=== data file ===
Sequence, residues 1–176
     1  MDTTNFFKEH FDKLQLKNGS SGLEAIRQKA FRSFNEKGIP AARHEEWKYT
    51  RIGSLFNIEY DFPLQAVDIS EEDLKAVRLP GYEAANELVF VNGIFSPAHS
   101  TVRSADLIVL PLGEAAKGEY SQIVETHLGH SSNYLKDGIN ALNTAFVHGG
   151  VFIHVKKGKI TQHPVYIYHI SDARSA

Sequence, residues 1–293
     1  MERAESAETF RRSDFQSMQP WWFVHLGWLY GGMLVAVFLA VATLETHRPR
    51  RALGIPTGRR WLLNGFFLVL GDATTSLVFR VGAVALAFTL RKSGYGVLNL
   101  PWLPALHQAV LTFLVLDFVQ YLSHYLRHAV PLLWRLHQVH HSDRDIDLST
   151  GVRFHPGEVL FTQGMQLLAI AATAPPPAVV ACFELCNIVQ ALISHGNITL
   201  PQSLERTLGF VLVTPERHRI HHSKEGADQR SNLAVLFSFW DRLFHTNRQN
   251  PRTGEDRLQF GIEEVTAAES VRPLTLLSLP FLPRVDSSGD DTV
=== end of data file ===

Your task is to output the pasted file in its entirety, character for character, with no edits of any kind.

Sequence, residues 1–176
     1  MDTTNFFKEH FDKLQLKNGS SGLEAIRQKA FRSFNEKGIP AARHEEWKYT
    51  RIGSLFNIEY DFPLQAVDIS EEDLKAVRLP GYEAANELVF VNGIFSPAHS
   101  TVRSADLIVL PLGEAAKGEY SQIVETHLGH SSNYLKDGIN ALNTAFVHGG
   151  VFIHVKKGKI TQHPVYIYHI SDARSA

Sequence, residues 1–293
     1  MERAESAETF RRSDFQSMQP WWFVHLGWLY GGMLVAVFLA VATLETHRPR
    51  RALGIPTGRR WLLNGFFLVL GDATTSLVFR VGAVALAFTL RKSGYGVLNL
   101  PWLPALHQAV LTFLVLDFVQ YLSHYLRHAV PLLWRLHQVH HSDRDIDLST
   151  GVRFHPGEVL FTQGMQLLAI AATAPPPAVV ACFELCNIVQ ALISHGNITL
   201  PQSLERTLGF VLVTPERHRI HHSKEGADQR SNLAVLFSFW DRLFHTNRQN
   251  PRTGEDRLQF GIEEVTAAES VRPLTLLSLP FLPRVDSSGD DTV